Researchers in UT Pharmacy's Pharmaceutical Engineering and 3D Printing (PharmE3D) Labs have earned a bevy of national and international awards for their work in pharmaceutical drug delivery and 3D printing personalized medicines.
Tara Law from Time writes about how few pharmacies carry buprenorphine, a life-saving drug to help treat opioid use disorder (OUD). Lucas Hill, Pharm.D., BCACP, director of the college's Pharmacy Addictions Research & Medicine (PhARM) program, offers his insight on the issue, and how the DEA's crackdown of the drug puts OUD patients at risk.
Read the spring 2022 edition of DiversiTEA Corner, the newsletter about inclusion, diversity, equity and accessibility at the UT College of Pharmacy. This semester’s topics include the college's Dr. Carolyn Brown DEAI Champion Award recipients, a message from Pharmacy Council's DEAI chair, a university three-part series on midwives hosted by UT Pharmacy, our newest member of the DEAI team, and many more.
Dr. Mo Maniruzzaman's Pharmaceutical Engineering and 3D Printing Labs have received a federal grant from the United States Agency for International Development (USAID) to develop personalized 3D printed non-hormonal intrauterine devices (IUDs). The project’s goal is to increase global access to long-term and effective contraception while minimizing some of its most debilitating side effects.
These DEAI Champions have demonstrated exceptional efforts and continue to make significant contributions to creating a more diverse, equitable, accessible and inclusive culture within the college and beyond through their excellent service, teaching, research and/or academic endeavors.
A paper from UT College of Pharmacy researchers was awarded the 2021 Outstanding Paper of the Year from the American College of Clinical Pharmacy (ACCP) Ambulatory Care Practice Research Network. The paper investigates the availability of buprenorphine and naloxone in Texas to treat opioid use disorder.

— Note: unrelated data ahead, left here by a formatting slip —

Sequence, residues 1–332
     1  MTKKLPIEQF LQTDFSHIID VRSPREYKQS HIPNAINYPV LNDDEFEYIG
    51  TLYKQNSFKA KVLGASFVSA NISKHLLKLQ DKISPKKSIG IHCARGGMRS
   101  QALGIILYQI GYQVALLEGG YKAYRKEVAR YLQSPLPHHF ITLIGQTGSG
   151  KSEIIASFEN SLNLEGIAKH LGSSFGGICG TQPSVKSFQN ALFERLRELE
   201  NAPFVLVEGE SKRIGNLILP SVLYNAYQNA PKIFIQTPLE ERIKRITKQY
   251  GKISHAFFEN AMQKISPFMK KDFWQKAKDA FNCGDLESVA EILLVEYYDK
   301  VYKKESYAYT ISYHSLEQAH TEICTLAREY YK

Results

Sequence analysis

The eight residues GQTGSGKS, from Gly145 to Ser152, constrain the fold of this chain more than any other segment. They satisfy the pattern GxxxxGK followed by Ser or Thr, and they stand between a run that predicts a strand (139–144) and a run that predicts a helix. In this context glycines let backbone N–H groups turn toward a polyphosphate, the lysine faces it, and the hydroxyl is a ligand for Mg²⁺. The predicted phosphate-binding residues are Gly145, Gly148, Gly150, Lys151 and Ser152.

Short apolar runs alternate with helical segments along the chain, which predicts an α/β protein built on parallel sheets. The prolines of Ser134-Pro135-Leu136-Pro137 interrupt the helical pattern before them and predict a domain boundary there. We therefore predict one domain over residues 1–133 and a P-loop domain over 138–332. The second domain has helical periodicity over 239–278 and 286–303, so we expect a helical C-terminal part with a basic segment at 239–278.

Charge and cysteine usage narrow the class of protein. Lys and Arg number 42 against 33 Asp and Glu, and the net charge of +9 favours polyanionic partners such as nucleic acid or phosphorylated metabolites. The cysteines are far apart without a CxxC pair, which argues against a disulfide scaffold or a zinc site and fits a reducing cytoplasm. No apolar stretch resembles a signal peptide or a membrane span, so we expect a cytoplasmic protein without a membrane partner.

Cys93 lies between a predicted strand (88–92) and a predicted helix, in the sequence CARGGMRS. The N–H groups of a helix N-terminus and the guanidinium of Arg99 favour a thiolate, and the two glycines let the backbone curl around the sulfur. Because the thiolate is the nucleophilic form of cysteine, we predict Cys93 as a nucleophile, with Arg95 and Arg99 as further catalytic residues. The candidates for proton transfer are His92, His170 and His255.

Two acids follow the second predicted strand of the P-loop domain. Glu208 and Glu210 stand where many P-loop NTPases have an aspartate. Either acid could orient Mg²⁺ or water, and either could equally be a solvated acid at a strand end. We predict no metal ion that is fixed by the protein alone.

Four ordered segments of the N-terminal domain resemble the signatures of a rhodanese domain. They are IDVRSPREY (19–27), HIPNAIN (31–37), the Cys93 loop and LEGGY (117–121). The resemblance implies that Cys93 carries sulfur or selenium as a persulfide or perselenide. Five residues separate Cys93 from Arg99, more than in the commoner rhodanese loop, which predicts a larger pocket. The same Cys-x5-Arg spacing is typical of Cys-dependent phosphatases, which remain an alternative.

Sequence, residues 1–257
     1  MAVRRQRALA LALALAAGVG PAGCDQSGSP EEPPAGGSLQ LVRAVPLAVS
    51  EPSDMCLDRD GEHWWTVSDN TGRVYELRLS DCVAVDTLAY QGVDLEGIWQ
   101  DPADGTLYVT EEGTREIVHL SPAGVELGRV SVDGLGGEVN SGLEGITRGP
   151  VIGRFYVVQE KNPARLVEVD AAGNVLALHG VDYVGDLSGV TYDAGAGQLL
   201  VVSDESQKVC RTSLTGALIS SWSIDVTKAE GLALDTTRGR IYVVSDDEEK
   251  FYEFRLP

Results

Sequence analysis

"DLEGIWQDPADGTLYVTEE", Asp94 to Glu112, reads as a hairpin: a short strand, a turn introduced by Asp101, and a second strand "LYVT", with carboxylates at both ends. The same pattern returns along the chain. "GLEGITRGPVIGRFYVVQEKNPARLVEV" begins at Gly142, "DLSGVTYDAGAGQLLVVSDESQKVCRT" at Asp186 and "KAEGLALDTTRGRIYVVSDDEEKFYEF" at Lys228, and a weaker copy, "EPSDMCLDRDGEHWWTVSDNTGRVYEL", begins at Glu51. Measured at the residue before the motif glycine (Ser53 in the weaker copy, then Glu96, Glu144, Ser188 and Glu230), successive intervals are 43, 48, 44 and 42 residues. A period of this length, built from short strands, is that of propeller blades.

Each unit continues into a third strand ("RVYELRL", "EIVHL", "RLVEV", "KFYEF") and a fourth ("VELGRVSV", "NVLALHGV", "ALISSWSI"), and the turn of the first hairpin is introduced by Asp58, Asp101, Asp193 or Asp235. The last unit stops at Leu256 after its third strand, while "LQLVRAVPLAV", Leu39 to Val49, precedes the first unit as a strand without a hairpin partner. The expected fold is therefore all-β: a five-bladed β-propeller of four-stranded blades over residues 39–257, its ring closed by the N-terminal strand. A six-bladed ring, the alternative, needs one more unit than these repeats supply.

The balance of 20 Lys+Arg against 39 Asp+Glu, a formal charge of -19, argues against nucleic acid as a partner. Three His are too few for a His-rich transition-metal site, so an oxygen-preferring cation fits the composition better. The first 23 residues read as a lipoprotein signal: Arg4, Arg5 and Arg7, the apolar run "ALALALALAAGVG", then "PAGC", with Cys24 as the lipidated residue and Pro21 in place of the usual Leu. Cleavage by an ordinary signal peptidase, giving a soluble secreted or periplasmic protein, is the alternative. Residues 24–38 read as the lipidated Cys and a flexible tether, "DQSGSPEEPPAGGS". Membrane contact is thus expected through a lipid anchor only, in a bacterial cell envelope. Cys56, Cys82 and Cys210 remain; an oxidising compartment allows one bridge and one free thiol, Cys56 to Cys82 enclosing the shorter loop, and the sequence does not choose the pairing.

The College of Pharmacy’s Pharmaceutical Engineering and 3D Printing (PharmE3D) Labs recently earned a three-year $1.5 million National Institutes of Health (NIH) R01 grant to research novel manufacturing technology for complex vaccine formulations for influenza and other emerging infectious diseases.
The college's Pharmaceutical Engineering and 3D Printing (PharmE3D) labs, led by Assistant Professor in Molecular Pharmaceutics and Drug Delivery Mohammed (Mo) Maniruzzaman, Ph.D., has recently earned several national and international awards and scholarships for outstanding research contributions to the field of pharmaceutical science and technology.
The college's new Building Our Own Talent (BOOT) program is designed to provide mentoring and support for trainees and embrace the notion that innovation and discovery thrive in an inclusive culture that values diverse ideas. This year’s recipients enter the pharmaceutical sciences graduate program: Charlene Mandimutsira joins the chemical biology and medicinal chemistry (CBMC) track and Kelsey Strey joins the pharmacotherapy (PT) track.
Division Head and Professor of Molecular Pharmaceutics and Drug Delivery Dr. Bill Williams was on KXAN News to talk about promising new data from TFF Pharmaceuticals and Augmenta Bioworks. The companies plan to develop Dr. Williams' thin film freezing technology to better deliver antibody treatment directly to the lungs of COVID patients.